| A Bear of a Day!
My first trip report.
I never thought I'd say this, but there is nothing little about Little Bear. My friends, Ricardo Pena, Logs (Keith) and I decided it was time to climb "the Bear". I had been following the Trip Reports on 14ers.com for the last couple of weeks, monitoring the weather in the Sangre De Cristos and felt reasonably comfortable that this would be a good weekend. My plan was to camp at Como Lake, get up early, head for the 45 degree slope on the North Couloir, hike the ridge over to the bottom of the hourglass and then quickly move through the area to the crux and onto the summit. It sounded like a well thought out plan. Plus I wanted to climb it in snow; it seemed easier on snow than climbing over lose falling rocks.
We left Denver at 10:30 am on Friday, May 30th. We stopped to eat at a tasty new restaurant in Blanca, and then drove up the infamous Como road. We parked Ricardo's red Jeep at 9,700 and hiked the rest of the way to Como Lake. It was warm. We arrived around 7 pm ready to pitch the tents. There were two other parties camping at the lake; a solo climber attempting Little Bear the next day and a party of two who had just successfully return from the summit that day. Our goal was to stay ahead of the solo climber to avoid any falling rocks in the hourglass. The two-man team led by a guide had advice for us; get an early start, snow's good but be wary of the verglas at the crux; get down early. Sounded like a plan to me, but what's up with the verglass, I thought, "verglass", now that sounds like something that I should stay awake and worry about. I have always promised my two daughters, no worries, Mom will always come home. Being a Mom is what I do.
Sun setting at Como Lake
We left camp at 5:30 am just minutes behind the solo climber. The snow was good through the North Couloir and relatively easy to navigate with crampons and an ice axe up to the ridge. It was a beautiful morning, azure clear skies in the Sangre De Cristo mountain range.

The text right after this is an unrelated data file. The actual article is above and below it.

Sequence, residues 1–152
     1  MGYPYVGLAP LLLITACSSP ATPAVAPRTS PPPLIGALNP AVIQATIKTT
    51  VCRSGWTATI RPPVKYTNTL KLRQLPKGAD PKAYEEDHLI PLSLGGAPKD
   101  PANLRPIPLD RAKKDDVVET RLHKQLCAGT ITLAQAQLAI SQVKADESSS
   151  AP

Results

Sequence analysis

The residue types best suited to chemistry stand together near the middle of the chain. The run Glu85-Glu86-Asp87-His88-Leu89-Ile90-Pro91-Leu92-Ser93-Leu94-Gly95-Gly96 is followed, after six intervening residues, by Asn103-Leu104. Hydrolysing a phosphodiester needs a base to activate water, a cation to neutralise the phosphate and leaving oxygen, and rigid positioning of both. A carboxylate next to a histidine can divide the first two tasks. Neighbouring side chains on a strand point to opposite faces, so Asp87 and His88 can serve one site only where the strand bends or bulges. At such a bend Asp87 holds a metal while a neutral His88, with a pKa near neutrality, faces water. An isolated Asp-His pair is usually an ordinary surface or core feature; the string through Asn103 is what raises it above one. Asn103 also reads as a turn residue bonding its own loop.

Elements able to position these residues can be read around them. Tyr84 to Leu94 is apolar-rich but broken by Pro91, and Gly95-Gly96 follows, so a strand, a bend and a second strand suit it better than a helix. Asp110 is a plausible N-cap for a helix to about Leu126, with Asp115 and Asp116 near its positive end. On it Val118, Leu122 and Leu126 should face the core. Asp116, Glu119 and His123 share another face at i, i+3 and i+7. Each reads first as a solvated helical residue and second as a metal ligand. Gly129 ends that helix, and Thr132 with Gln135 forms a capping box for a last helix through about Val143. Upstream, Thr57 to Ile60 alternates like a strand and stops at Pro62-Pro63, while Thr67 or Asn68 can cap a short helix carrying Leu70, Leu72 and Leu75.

Looking and climbing up the north couloir
Looking uphill to the hourglass – we arrived at 8:00 am ready to move
The crux filled with a thin layer of ice "verglass"
We decided to set an anchor. Ricardo free climbed 30 feet up and over the icy gully to the next level, but struggled to find a suitable stable rock to set pro for the anchor. We were patient. Logs went first and I followed; Ricardo reminded us that we shouldn't totally reply on the anchor. "Great" I thought! This was scary dicey ice. It took us about 2 hours to move through the crux. We were in no hurry; safety was the priority. A couple rocks bounced through, we thought perhaps from the solo climber above us.
Aerial view of the crux- Logs with the red helmet, I'm behind him
(courtesy of the solo climber)
There was another icy section above this section and we repeated the same exercise – set anchor, belay and move slowly over the ice.
Just another shitty icy section to climb through
After the nail biting sections, we noticed that the upper half is mostly melted out. There is some climbable snow near the summit that Ricardo climbed, but a long stretch in between is of bare rock that has melted out. The loose rock is really unstable with the snowmelt. Small stuff was coming down as the sun starting warming the snow on the summit, and we knew that in some areas any movement could send rocks down the couloir.
Ricardo assessing the terrain (I think)